South African matric is accepted at Harvard University

A 2016 matric learner from Durban’s Westville Boys’ High School who earned seven distinctions in his final exams last year has been accepted to study at Harvard University, one of the US’s premier Ivy League institutions.

Sasasa Dlamini, a Class of 2016 matriculant from Westville Boys’ High School in Durban, has earned a spot to study at the esteemed Harvard University in the US. He will study economics and philosophy. (Photo: Wikipedia)
Sasasa Dlamini, a Class of 2016 matriculant from Westville Boys’ High School in Durban, has earned a spot to study at the esteemed Harvard University in the US. He will study economics and philosophy. (Photo: Wikipedia)

CD Anderson

The 17-year-old Sasasa Dlamini is determined to use his Harvard opportunity to learn from the world’s best and invest the knowledge he gains back into South Africa. Ivy League universities are some of the most renowned in the world, with particularly stringent entry requirements and high educational standards, even for American students.

“I want to engage with people from different backgrounds from me, and truly broaden my horizons and my understanding as a global citizen,” Dlamini says. “I’ve worked hard and played to my strengths… I want to stretch myself and my ability to help change the circumstances of people.”

In addition to his excellent exam results, Dlamini took part in a number of the school’s extracurricular activities, including debating, where he represented the province at national level, athletics and basketball.

Applying to Harvard, Dlamini says, was a lengthy, intricate process. “It took me six months to prepare my application, which included four motivation essays, as well as a Skype interview. I had to take the SATs test.”

The SATs are the admissions test for American universities.

With a 6% admission rate, he kept his hopes realistic and got down to achieving his final matric marks, which would boost his chances of acceptance. “I didn’t tell my parents because I didn’t want them to have to share in my possible rejection.”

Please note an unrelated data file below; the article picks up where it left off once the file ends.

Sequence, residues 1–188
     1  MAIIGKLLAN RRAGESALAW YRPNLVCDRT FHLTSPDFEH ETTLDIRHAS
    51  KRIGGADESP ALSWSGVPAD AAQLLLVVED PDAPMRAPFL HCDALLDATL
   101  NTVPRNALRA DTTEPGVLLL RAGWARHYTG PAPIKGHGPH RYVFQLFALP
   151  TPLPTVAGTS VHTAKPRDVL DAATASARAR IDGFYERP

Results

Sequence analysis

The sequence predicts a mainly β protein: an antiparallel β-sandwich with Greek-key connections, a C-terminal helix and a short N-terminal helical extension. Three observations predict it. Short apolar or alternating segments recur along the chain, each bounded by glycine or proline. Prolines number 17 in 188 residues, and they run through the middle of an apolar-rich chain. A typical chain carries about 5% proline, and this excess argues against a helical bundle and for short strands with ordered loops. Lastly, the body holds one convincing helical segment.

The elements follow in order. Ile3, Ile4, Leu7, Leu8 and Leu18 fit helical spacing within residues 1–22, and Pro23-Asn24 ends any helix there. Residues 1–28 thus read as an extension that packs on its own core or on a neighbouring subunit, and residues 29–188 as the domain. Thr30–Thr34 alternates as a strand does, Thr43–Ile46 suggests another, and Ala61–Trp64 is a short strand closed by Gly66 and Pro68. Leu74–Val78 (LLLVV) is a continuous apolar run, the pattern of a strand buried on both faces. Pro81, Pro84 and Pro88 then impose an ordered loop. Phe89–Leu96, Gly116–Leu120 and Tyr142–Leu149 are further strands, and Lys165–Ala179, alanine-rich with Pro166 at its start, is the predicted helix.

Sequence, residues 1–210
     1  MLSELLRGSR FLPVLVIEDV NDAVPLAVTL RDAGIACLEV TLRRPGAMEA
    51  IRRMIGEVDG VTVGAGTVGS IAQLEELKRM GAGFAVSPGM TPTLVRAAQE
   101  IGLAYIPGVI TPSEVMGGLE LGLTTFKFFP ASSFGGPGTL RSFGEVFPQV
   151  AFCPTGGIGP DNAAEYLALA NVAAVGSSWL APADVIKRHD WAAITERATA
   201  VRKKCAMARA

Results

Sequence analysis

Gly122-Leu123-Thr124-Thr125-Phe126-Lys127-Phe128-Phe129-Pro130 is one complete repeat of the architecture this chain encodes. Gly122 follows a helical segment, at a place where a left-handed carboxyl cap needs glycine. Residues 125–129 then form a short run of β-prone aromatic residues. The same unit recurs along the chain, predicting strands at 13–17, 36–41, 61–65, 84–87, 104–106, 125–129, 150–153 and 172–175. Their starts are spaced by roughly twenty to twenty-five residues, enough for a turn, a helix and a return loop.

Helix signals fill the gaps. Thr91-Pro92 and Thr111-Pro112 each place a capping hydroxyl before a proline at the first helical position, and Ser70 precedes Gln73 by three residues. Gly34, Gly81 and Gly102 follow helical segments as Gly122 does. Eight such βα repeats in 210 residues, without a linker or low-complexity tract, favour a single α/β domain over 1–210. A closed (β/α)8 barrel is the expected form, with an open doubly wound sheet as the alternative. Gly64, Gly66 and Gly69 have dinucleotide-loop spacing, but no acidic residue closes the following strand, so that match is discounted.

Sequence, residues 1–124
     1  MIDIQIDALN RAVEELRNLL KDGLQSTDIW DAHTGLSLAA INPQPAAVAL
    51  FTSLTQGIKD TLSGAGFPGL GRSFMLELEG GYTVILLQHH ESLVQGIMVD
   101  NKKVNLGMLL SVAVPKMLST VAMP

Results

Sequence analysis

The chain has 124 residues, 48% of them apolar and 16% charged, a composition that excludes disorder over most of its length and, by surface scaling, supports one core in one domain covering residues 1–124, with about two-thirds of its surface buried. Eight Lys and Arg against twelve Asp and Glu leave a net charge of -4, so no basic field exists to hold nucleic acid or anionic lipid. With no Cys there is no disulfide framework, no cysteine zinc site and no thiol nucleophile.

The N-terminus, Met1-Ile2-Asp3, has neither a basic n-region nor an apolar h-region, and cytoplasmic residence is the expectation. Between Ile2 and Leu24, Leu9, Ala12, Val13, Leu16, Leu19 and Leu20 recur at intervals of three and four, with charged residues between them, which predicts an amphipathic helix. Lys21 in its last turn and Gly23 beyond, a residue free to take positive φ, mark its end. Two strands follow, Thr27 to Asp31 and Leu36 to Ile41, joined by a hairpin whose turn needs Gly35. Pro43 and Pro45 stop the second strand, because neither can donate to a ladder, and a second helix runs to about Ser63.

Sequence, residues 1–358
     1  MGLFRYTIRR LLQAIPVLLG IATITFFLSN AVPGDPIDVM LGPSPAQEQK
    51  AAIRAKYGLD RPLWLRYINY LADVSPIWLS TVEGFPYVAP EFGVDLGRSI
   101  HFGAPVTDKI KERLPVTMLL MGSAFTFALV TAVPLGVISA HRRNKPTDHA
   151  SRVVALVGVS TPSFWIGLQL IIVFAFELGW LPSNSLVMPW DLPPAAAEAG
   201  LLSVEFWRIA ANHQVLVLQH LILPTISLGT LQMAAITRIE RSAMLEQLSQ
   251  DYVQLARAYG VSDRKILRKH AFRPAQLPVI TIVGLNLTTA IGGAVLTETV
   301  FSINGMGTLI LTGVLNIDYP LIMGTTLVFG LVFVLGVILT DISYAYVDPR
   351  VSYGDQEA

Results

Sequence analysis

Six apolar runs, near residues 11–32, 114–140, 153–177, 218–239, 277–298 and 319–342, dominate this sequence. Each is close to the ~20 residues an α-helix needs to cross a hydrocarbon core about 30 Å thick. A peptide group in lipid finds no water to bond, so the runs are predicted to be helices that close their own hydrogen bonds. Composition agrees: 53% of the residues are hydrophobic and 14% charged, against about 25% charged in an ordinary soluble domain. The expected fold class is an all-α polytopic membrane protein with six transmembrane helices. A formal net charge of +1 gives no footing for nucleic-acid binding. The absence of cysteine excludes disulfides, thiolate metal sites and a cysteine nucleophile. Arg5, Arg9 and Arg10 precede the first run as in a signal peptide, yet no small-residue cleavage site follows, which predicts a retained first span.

But the news was good, and he got word in early January that he was welcome to attend Harvard in September, the start of the American academic year.

Dlamini plans on studying economics and philosophy, ultimately hoping that the education will help him find new, innovative ways to develop more practical job creation ideas in South Africa.

“We need job creation that is sustainable. Wealth accumulation is a problem here and it is a structural issue. We need to be looking at a far wider wealth distribution. Philosophy teaches you how to think and expand your ideas.”

Proud parents Nicholas and Thelma Dlamini have faith their son will succeed, thanks in part to their instilling the true value of education in their three children from an early age. They also pay special tribute to the teachers and headmaster of Westville Boys’ High School, whose work with learners, they call “(an) epitome of what a school should be in our South African context in terms of transformation”.

While standards for acceptance to American educational institutions are high, most of the Ivy League universities and other state colleges are open to hard working, qualifying students from around the world. Thanks to a number of specialist education advisers in South Africa, exceptional high school learners and tertiary students interested in studying overseas can find guidance to the processes, receiving comprehensive information about all accredited foreign institutions.

Applicants are also taken through orientation sessions and individual consultations that help them not only prepare academically, but also adjust socially to the experience.

For more information, please visit the official EducationUSA website.

Source: Good Things Guy website